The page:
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In the world of sports, salary and performance are usually connected; the better you play, the more money you’ll make. Baltimore Ravens quarterback Lamar Jackson, however, is currently a major exception to that rule.

During his brief time on the NFL stage, Lamar Jackson has proven himself to be one of the league’s most dynamic players, capable of making something happen every time he touches the football. Despite that clear talent, though, the Baltimore Ravens’ quarterback is still taking home less than $2 million in salary this season, making him one of the biggest bargains in pro football.

Lamar Jackson has already become an NFL star

If you ask football purists, a quarterback should stand tall in the pocket and throw perfect spirals to his receivers. Lamar Jackson, however, does things his own way and has already become a star.

Although Jackson grew up in Florida, a promise from Bobby Petrino brought the quarterback to the University of Louisville. He showed promise as a freshman but exploded during his second season of NCAA action; Jackson threw for 3,543 yards and 30 touchdowns, rushed for 1,571 yards and 21 additional scores, and captured the Heisman Trophy.

After his junior season with the Cardinals, Jackson entered the 2018 NFL draft. Despite his impressive resume and athleticism, some teams weren’t sure if he had what it took to run an offense at the professional level. The Baltimore Ravens, however, weren’t concerned.

Jackson joined the Ravens as the 32nd-overall pick and started his career as Joe Flacco’s backup. He claimed the top job during his rookie year, however, and, during his first season as the full-time starter, took the league by storm. The dual-threat quarterback threw for 3,127 yards, rushed for 1,206 more, and accounted for 43 total touchdowns; he also was named the unanimous NFL MVP.

Earning less than $2 million in salary

Based on the impact that he’s made during his brief time with the Baltimore Ravens, you might think that Lamar Jackson is earning more salary than anyone else on the team. Due to the way NFL contracts work, though, that isn’t the case.

Since this is only Jackson’s third season in the pros, the Ravens quarterback is still on his rookie contract. And, as you might expect, given that he was the last pick of the first round, he wasn’t able to command too large of an initial salary.

When he entered the league, Jackson signed a four-year deal worth a grand total of $9,471,648; roughly half of that money—$4,968,471—came in the form of a signing bonus.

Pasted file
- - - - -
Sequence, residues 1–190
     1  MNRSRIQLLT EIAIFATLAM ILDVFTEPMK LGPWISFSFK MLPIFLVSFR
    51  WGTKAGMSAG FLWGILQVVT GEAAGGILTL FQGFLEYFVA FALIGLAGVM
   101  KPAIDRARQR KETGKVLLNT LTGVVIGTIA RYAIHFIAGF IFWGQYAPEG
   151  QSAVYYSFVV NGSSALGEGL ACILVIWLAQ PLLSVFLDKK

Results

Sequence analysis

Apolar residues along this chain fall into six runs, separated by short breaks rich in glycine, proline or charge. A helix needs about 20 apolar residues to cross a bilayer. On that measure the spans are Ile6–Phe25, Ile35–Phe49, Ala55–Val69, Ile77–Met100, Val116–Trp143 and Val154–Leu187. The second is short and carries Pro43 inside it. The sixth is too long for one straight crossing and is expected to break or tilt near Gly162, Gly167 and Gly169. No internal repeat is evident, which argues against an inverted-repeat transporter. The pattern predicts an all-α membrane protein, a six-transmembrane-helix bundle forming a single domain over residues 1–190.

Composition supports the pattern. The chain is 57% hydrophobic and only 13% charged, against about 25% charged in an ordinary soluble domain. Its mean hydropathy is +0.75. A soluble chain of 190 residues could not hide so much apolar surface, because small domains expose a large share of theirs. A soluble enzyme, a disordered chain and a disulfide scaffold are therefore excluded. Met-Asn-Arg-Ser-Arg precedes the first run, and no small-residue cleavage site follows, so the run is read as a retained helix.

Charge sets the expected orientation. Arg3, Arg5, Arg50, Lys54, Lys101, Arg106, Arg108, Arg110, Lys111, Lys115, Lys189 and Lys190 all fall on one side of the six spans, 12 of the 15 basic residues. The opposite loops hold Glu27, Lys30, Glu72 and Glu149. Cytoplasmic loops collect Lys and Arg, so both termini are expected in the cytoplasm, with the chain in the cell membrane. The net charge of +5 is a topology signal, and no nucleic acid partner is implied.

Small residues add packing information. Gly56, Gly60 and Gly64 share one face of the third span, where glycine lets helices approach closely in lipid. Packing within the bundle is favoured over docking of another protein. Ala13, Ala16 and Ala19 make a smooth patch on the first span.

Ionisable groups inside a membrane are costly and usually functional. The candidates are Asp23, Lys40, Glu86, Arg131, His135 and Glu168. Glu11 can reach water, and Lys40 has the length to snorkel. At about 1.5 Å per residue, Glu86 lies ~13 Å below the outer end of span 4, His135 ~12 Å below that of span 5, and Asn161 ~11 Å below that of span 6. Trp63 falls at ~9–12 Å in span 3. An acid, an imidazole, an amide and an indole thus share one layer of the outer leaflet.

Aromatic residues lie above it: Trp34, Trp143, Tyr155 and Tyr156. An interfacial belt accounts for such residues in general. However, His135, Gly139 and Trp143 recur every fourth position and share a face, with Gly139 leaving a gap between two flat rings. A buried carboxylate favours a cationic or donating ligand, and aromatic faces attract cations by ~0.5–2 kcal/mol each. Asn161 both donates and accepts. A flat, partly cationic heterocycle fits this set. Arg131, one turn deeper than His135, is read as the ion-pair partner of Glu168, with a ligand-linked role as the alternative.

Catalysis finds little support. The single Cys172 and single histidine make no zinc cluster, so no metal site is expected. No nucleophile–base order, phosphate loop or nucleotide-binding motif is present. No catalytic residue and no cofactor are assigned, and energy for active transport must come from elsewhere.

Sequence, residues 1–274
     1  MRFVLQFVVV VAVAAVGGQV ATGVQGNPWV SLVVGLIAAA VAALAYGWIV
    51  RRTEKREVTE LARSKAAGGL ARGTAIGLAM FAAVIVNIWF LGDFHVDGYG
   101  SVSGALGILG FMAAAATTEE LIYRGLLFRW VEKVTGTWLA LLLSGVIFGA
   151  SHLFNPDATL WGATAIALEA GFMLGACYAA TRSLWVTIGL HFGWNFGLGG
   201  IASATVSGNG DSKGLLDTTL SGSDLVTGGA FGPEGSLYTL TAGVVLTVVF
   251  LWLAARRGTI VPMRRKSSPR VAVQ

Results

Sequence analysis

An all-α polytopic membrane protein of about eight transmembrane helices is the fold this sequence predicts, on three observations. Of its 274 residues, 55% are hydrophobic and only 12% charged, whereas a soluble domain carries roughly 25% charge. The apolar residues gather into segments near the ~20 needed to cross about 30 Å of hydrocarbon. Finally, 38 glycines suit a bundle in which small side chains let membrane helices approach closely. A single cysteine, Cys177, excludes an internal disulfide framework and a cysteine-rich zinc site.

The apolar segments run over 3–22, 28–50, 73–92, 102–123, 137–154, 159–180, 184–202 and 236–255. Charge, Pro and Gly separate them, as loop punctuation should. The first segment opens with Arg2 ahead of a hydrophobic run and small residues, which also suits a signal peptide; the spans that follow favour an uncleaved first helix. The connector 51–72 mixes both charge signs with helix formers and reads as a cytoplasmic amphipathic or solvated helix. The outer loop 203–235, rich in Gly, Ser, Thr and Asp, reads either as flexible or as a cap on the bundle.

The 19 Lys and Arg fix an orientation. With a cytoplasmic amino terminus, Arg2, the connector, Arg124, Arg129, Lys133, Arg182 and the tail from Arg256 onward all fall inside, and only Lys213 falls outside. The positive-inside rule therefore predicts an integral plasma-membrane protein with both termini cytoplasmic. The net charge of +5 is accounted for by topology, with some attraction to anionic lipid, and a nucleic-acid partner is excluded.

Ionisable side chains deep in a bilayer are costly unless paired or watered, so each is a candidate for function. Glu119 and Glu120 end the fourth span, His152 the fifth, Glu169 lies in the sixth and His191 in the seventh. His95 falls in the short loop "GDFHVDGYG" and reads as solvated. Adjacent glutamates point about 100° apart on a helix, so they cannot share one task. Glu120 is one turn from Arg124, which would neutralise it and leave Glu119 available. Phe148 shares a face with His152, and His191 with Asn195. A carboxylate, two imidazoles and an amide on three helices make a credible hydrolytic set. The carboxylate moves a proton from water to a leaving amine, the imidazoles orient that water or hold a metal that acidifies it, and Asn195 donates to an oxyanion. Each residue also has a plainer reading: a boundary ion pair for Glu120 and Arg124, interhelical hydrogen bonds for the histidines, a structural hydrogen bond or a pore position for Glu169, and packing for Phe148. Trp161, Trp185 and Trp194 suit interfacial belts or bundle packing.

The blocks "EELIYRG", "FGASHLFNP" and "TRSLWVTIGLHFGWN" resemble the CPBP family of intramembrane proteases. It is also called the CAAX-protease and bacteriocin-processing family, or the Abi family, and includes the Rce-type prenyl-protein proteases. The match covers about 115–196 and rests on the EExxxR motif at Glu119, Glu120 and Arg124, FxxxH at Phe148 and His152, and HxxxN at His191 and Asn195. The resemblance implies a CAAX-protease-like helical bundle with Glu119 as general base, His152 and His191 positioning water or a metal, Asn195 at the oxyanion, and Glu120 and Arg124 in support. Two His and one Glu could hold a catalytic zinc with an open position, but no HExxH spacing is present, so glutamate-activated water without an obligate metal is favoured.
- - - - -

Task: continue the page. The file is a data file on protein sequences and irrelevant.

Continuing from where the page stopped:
Although Jackson’s base salary increases with each year of his contract, it never reaches eye-popping proportions. As a rookie, the quarterback’s salary clocked in at $480,000; it rose to $910,529 last year when he claimed NFL MVP honors. This season, Jackson’s base salary is $1,341,059, and it will reach $1,771,588 in 2021.

That salary makes Lamar Jackson an incredible bargain


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Since Lamar Jackson is still on his rookie contract, neither he nor the Baltimore Ravens have an active say in his salary. Still, that comparatively tiny price tag makes the quarterback an incredible bargain.

Even if you’re going by Jackson’s overall cap hit of $2,583,176—his base salary and a fourth of his signing bonus—the quarterback is barely making a dent in the Ravens’ metaphorical bank account. He’s the 36th most expensive signal-caller in the NFL this season; some teams are even paying their backup more than Baltimore pays Jackson.

Based on Spotrac’s market value estimations, the quarterback would be able to command roughly $42 million in free agency. While big-money deals don’t always work out cleanly—hometown discounts, sacrificing raw cash for term, and other complications can come into play—that baseline number helps underscore just how big of a bargain Jackson’s current salary is.

It’s only a matter of time, however, until Lamar Jackson’s salary goes through the roof. That’s why the Baltimore Ravens need to take advantage of the opportunity they have right now; while their window won’t close when the quarterback’s rookie contract expires, it will get tougher to balance the books.

Stats courtesy of Sports-Reference and Pro-Football-Reference. Financial data courtesy of Spotrac.